During the period, the document claimed that PAF spent N1.350bn to settle outstanding liabilities carried over from 2014 while N500m was refunded to the NSA for financial support rendered for the maintenance of the Fleet prior to release of funds.
According to the newspaper advertisement announcing the sale of the two aircraft, the Falcon 7X with registration number 5N-FGU and serial number 090 is currently located in Abuja.
It indicated that the aircraft entered into service in 2011 and had completed 2776:47 hours and 2363 cycles.
The advertisement read in part, “Take off at sea level — 5, 555 ft; landing distance — 2,070ft; certified ceiling — 51, 000ft; cruise speed — 488kts; Easy II Avionics 1A Complainct/Satcom. Interior: Passenger capacity — 16, crew seating capacity — 3; forward and Aft lavatories; four large screen monitors; six small adjustable seat mounted monitors and fully automated media centre.”
The second aircraft, Hawker 4000 with registration number 5N-FGX and serial number RC 066 entered into service in 2012. It has completed 1178:15 hours and 1146 cycles.
Its details were given thus: “Range — 3190NM; take off at sea level — 5,068 ft; landing distance — 2,475ft; certified ceiling — 45, 000ft; cruise speed — 482kts; Honeywell Primus Epic Avionics/Satcom. Interior: Passenger capacity — 9, crew seating capacity – 3 with detachable jump seat; Aft lavatories; two monitors; power outlet in cabin and cockpit and fully automated media centre.”
Meanwhile, aviation stakeholders have supported the Presidency’s move to sell the aircraft.
The General Secretary, Aviation Round Table, an industry pressure group, Group Captain John Ojikutu, who supported the move, said, “It is high time the Presidency reduced the number of aircraft in that fleet. We can’t be spending our scarce forex to maintain a large fleet of 10 aircraft.”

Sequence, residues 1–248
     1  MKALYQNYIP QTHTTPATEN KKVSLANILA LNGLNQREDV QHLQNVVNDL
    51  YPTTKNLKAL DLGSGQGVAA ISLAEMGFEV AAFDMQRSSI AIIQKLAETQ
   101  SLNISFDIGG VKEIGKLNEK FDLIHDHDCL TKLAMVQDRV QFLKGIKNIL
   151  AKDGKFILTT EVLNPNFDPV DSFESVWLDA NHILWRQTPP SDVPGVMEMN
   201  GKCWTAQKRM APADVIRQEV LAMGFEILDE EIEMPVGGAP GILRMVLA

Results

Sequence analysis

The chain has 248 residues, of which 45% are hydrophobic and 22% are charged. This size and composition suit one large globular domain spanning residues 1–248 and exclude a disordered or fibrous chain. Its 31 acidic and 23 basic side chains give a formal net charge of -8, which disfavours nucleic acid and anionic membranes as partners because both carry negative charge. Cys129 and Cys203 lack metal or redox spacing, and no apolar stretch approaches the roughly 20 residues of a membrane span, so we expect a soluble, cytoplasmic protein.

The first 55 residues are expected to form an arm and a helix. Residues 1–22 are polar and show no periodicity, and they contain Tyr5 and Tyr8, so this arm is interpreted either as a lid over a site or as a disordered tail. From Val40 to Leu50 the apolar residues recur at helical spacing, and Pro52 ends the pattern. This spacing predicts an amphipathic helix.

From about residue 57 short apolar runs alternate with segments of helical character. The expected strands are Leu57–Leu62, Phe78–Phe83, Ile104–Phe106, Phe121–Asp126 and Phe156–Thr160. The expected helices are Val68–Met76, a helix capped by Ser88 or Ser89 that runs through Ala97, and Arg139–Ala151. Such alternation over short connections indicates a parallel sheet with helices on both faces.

A former Assistant General Secretary, Airline Operators of Nigeria, Mr. Muhammed Tukur, also supported the move, saying the aircraft could be sold to both airline operators and private individuals who could use them for commercial purposes.
He said that this could generate more revenue and create jobs.
A former President of the Airline Operators of Nigeria, Dr. Steve Mahonwu, stated that instead of selling the aircraft, the Federal Government should hold on until it was ready to float a national carrier and should then make the planes serve the airline.
He said, “Are we not ashamed that several years after the demise of our Nigerian Airways, we still don’t have an airline we can call our own? Instead of selling these aircraft, why not hold on till when you are ready for a national carrier?
“The President promised to reduce the Presidential fleet size and that’s okay. He has also assured Nigerians that he will ensure the return of our national carrier. So instead of selling the aircraft in the Presidential fleet, you can convert some of them and use them as jets in the national carrier.”
But Capt. Dele Ore of the Aviation Round Table, a body of industry experts, told our correspondent that it would not be right to sell the aircraft without carrying out adequate studies to ascertain if truly the Presidency would not need them any longer.
According to him, the two aircraft in question would not be fit for full-scale commercial service.